FDA Expands Approval for TAVR Valves to Low-risk Patients

Megan Brooks

August 16, 2019

The US Food and Drug Administration (FDA) has expanded the indication for several transcatheter heart valves to include patients with severe aortic valve stenosis who are at low risk for death or major complications associated with open-heart surgery to replace the damaged valves.

These transcatheter valves — the Sapien 3 and Sapien 3 Ultra from Edwards Lifesciences and the CoreValve Evolut R and CoreValve Evolut PRO from Medtronic CoreValve LLC — were previously indicated only for patients at intermediate or higher risk for death or major complications during open-heart surgery.

"This new approval significantly expands the number of patients that can be treated with this less invasive procedure for aortic valve replacement and follows a thorough review of data demonstrating these devices are safe and effective for this larger population," Bram Zuckerman, MD, director of the Office of Cardiovascular Devices in the FDA's Center for Devices and Radiological Health, said in a statement.

"As the FDA assesses new medical technologies or expanded uses for previously approved products such as these, the agency remains committed to evaluating evidence from clinical trials and real-world clinical data in both the premarket and postmarket settings to ensure patients have access to high-quality, safe, and effective medical devices," said Zuckerman.

The expanded indications follow data from two clinical trials of transcatheter aortic valve replacement (TAVR) in low-surgical-risk patients, which showed impressive outcomes compared with surgery.

The trials were presented in March at the American College of Cardiology Annual Scientific Session, with the presenters receiving a standing ovation after reporting their data, as reported by theheart.org | Medscape Cardiology.

The two trials showed remarkably similar results.

The PARTNER 3 trial, which used the SAPIEN 3 system, showed a significantly lower rate of the primary end point — a composite of death, stroke, and rehospitalization at 1 year — compared with surgery.

The other trial of the self-expanding valve CoreValve/Evolut R/Evolut PRO showed noninferiority compared with surgery in an interim Bayesian analysis of the primary end point — death from any cause or disabling stroke at 24 months — as well as significantly lower rates of disabling stroke and hospitalization for heart failure at 1 year.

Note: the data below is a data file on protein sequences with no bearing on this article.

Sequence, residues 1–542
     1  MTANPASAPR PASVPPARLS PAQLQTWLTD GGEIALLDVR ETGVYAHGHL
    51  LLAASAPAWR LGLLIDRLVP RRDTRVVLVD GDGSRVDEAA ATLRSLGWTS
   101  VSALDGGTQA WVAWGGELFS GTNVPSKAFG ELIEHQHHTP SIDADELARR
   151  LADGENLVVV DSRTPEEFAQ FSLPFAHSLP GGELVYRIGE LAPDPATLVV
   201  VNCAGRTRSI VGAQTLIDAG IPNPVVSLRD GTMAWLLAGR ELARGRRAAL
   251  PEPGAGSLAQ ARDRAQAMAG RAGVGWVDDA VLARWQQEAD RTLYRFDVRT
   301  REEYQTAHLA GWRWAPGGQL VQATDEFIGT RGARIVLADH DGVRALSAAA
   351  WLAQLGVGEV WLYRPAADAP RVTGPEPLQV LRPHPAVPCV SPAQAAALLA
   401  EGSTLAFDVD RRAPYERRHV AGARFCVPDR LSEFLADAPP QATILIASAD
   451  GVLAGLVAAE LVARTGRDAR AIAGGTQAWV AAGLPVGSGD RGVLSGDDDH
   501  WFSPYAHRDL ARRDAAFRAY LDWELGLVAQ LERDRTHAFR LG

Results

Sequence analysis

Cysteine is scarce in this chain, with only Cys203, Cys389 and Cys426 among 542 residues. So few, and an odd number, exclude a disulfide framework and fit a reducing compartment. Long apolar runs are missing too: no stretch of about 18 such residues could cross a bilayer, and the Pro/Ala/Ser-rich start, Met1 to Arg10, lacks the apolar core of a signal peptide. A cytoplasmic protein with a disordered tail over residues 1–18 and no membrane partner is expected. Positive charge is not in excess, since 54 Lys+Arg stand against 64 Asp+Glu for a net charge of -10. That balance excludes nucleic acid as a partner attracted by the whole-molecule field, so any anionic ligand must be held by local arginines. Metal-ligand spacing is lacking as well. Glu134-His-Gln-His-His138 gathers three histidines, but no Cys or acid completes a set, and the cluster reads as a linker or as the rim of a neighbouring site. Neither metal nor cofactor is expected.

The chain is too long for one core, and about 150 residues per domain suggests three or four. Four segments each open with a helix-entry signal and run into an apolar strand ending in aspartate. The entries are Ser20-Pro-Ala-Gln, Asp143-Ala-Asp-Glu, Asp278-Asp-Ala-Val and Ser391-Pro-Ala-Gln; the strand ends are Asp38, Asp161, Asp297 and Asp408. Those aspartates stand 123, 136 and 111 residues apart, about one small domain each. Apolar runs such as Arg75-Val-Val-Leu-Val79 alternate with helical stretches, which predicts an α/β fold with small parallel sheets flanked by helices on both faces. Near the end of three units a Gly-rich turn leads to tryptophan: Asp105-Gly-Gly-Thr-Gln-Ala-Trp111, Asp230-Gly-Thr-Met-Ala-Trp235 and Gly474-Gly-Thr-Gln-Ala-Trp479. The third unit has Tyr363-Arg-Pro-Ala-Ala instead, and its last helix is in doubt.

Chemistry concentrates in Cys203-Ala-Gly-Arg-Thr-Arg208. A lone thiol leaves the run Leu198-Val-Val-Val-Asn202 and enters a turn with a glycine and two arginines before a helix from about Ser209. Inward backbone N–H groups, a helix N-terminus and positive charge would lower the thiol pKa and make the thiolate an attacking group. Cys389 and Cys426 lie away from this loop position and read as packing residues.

"Two separate groups using two separate valves have come to very similar conclusions. This does not double the acceptability, it quadruples it," Eugene Braunwald, MD, Brigham and Women's Hospital, Boston, commented at ACC.19.

The transcatheter heart valves should not be used in patients who cannot tolerate blood thinners or who have an active infection in the heart or elsewhere. Additionally, the CoreValve Evolut R and CoreValve Evolut PRO devices should not be used in patients who have sensitivity to titanium or nickel, the FDA says.

The agency also said the long-term durability of transcatheter heart valves compared with surgically implanted valves has not been established. "Patients, especially younger ones, should discuss available treatment options with their heart care team to select the therapy that best meets their expectations and lifestyle," the FDA advises.

As part of the approval of these devices for low-risk patients, the FDA is requiring the manufacturers to continue to follow patients enrolled in the randomized studies for 10 years to further monitor transcatheter aortic valve safety and effectiveness, including the long-term valve durability.

The manufacturers will also participate in the Society of Thoracic Surgeons/American College of Cardiology Transcatheter Valve Therapy Registry to provide the FDA with additional surveillance of these devices over a 10-year period.

The FDA granted the expanded indications using the Premarket Approval (PMA) pathway, which is the most stringent type of device marketing application required by the FDA and is based on a determination by the FDA that the PMA application contains "sufficient valid scientific evidence to provide reasonable assurance that the device is safe and effective for its intended use(s)."


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